LGBT Parents & Allies

12-Year-Olds Can Speak Up Against Injustice Too!

by Sean A. Watkins

These days, it’s not every day that a 12-year old brings me to tears. To be honest, I couldn’t tell you that last time I talked to a 12-year old but I’m sure I would have probably chastised the kid for living in a new digital age and not being able to appreciate the wonders life has to give outside of a computer or phone screen.

So when I came into work today and my Acting Director told me there was a video of a 12-year old speaking for marriage equality in Utah, I knew I had to see this — if for anything, to regain hope in the youth of today.

And wow, my heart and soul was touched!

Riley Hackford-Peer, you are an inspiration! But more than that, you are a FIGHTER! A fighter who knows how to weigh the options of both sides of an argument, choose the side he believes in, and speaks up about it.

Let me say that again, SPEAKS UP FOR IT!

After I watched Riley’s message, I started to think immediately of all the haters who would have something to say to him for speaking out.

And sure enough, I scrolled down to the deep dark hole that is of the YouTube comments to see responses like “Adopted and brainwashed. Sickening” and “Those women ruined those boys. My god those poor children.”

Well, let me be the one to say that a 12-year old is very well able to speak on issues he/she/ze* thinks is unequal and unfair. I can say this as a matter of fact because it was when I was 12-years old that I did my first standing up to injustice.

His name was Mr. Nardo and he was my 6th grade Woodshop teacher. I was 12 and I was being verbally harassed by one of my male classmates in the class. I told Mr. Nardo several times but he did nothing to make the boy stop.

So when the boy crossed the line and called me a , I picked up the stool I was sitting on and said “say it again!” in a way to put fear on the kid’s face.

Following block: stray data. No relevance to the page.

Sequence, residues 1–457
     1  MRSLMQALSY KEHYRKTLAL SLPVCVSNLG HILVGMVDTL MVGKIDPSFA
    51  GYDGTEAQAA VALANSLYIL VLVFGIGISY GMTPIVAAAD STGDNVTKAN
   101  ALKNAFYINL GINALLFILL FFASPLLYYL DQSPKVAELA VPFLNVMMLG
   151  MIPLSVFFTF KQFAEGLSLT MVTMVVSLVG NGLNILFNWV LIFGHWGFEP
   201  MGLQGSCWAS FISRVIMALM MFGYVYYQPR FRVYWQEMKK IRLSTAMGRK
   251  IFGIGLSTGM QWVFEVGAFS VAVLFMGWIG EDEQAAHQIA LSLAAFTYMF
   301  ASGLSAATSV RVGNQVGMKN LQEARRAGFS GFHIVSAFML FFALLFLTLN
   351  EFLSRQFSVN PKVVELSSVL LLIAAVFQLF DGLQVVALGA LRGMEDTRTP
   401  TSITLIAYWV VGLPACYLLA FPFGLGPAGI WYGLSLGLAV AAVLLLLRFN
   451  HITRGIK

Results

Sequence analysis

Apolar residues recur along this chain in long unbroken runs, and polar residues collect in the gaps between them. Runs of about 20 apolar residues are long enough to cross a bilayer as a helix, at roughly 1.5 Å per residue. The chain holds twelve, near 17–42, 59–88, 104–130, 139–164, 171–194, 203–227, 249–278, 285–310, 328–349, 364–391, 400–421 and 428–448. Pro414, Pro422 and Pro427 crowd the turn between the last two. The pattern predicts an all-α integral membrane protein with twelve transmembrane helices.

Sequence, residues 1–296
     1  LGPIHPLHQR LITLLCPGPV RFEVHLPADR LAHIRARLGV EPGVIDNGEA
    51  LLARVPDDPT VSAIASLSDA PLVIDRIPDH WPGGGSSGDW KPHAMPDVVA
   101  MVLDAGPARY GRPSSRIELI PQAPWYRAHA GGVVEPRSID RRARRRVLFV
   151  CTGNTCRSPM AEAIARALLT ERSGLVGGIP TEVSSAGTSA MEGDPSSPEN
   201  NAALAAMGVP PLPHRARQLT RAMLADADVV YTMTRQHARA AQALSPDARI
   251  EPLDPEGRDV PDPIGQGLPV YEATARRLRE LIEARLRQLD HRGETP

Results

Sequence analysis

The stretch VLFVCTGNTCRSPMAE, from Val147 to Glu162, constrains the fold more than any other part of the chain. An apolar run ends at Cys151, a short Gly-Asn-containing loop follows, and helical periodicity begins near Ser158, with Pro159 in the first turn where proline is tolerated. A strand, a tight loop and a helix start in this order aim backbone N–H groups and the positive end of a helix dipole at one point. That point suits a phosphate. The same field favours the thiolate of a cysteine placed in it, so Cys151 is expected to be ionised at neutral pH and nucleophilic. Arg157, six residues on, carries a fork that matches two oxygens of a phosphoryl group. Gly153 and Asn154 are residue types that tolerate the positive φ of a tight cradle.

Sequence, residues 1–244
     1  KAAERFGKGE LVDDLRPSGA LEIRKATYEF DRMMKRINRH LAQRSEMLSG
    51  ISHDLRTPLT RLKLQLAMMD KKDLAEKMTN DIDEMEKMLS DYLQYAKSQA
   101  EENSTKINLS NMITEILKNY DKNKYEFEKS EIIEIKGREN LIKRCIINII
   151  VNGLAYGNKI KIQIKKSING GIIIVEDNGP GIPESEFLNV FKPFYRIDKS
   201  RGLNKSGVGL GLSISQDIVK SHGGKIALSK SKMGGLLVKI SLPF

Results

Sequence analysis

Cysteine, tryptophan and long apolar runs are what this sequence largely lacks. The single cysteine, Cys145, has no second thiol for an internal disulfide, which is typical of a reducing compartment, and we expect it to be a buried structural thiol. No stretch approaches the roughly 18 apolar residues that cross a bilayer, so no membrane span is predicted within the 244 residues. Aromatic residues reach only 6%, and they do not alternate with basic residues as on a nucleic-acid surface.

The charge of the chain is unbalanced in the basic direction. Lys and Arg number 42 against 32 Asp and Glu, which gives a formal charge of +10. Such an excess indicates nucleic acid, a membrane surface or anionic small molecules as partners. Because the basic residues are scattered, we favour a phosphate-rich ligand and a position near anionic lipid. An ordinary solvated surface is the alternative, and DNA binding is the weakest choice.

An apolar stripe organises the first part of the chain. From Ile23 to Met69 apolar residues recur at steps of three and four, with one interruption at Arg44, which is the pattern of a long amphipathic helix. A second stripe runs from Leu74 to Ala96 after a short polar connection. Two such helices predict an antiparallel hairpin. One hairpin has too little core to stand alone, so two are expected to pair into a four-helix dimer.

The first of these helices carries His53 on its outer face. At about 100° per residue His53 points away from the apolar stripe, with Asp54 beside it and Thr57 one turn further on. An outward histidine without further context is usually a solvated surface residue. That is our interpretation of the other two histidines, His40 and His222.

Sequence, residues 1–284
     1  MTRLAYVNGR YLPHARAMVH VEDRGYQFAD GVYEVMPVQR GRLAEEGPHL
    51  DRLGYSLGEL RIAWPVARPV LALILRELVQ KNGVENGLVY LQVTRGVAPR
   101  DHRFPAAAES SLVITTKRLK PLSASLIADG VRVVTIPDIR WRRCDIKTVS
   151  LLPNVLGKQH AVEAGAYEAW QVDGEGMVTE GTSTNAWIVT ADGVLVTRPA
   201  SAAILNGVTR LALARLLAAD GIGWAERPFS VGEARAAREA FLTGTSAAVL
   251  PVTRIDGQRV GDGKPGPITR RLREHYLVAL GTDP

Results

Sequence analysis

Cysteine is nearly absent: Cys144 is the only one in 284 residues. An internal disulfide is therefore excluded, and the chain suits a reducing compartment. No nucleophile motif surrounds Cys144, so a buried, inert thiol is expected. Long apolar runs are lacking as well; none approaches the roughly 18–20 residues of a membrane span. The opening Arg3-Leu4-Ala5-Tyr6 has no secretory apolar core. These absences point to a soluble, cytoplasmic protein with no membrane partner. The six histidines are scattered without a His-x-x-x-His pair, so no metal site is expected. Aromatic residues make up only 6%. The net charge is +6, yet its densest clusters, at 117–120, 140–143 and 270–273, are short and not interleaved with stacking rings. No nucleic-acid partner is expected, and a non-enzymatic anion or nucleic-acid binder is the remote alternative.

Well, that finally got my teacher’s attention enough to send me to the Assistant Principal’s office. When I got there, I explained that I knew I was wrong for picking up the stool and threatening him but at the time, I felt I had no other choice since my teacher ignored me when the verbal harassment was going on. She sympathized with me but informed me that my mother would have to come in and a suspension was to be given to me for threatening my classmate.

I took the suspension, as there was nothing that I could say to stop that, but when I came back to school, I had a meeting with the Assistant Principal again outlining why I felt that it was unfair that I received a suspension while my classmate received nothing and furthermore, how it was unfair that my teacher not be held accountable for not listening to his students.

Fast forward 10+ years and I am still that same 12-year old kid who speaks out when he sees something that is not right.

I should mention that I don’t go around picking up stools and threatening people anymore (because let’s face it, violence doesn’t win) but for some reason, this memory has stayed with me as a source of inspiration on the harder days of my fight for social justice.

So, I share my story with you today as an example that a 12-year old really CAN speak out on what he, she, or ze thinks is not right without being “brainwashed” by their parents or guardians. That is not to say that my mom did not help shape who I am today (I owe so much to her for teaching me the true values of equality)—but it was never her decision for me to speak up about what was wrong about the situation. It was all of mine to make.

I have made the decision to devote my life to fighting for what I believe is right and though it has not been an easy journey, it is the only path I can see myself walking on.

Riley, you said that watching your moms marry on December 20th felt like fireworks bursting in your heart; well, watching you speak in front of that crowd about “love, family, and equal rights” made me feel the same way.

Your conviction to showing Utah that your family deserves protection just like “traditional families” can be heard in your voice and your public speaking skills rival some of the peers that I went to college with.

So today, I stand for you, Riley.

Thank you for using your voice to let others know that it is not right for a family to not be allowed equal rights just because of who they love. Thank you for telling the haters that you DO come from a loving family. But more than anything else, thank you for being a fighter for social justice.

I hope that you continue to talk out against injustices in the world and help make this world a better place for people like yourself, your moms, and your little brother. And hey, maybe in ten+ years, we’ll find each other working for the same cause — if your message is any reflection of what is to come in life for you, there will certainly be people like me listening to your voice

The word ze is used by some advocates and allies as a gender-neutral pronoun.